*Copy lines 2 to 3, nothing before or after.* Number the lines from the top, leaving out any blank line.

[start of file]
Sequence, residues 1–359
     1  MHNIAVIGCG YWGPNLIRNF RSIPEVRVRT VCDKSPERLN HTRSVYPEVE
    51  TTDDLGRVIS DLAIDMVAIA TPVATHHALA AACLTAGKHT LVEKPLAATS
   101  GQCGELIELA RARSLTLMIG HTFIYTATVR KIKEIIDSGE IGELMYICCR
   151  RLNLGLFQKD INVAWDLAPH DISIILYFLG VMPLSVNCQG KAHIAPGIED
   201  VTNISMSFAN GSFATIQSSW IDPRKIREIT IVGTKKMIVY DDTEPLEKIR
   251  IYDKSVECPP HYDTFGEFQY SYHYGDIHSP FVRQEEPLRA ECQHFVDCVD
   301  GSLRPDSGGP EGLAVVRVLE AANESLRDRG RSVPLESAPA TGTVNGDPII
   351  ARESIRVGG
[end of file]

     1  MHNIAVIGCG YWGPNLIRNF RSIPEVRVRT VCDKSPERLN HTRSVYPEVE
    51  TTDDLGRVIS DLAIDMVAIA TPVATHHALA AACLTAGKHT LVEKPLAATS